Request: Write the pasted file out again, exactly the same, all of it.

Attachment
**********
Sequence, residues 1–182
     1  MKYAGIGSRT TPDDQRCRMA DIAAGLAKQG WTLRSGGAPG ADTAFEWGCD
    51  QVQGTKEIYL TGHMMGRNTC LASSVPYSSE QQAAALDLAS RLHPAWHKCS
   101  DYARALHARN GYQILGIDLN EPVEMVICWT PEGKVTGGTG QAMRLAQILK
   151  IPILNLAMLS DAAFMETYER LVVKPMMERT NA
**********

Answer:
Sequence, residues 1–182
     1  MKYAGIGSRT TPDDQRCRMA DIAAGLAKQG WTLRSGGAPG ADTAFEWGCD
    51  QVQGTKEIYL TGHMMGRNTC LASSVPYSSE QQAAALDLAS RLHPAWHKCS
   101  DYARALHARN GYQILGIDLN EPVEMVICWT PEGKVTGGTG QAMRLAQILK
   151  IPILNLAMLS DAAFMETYER LVVKPMMERT NA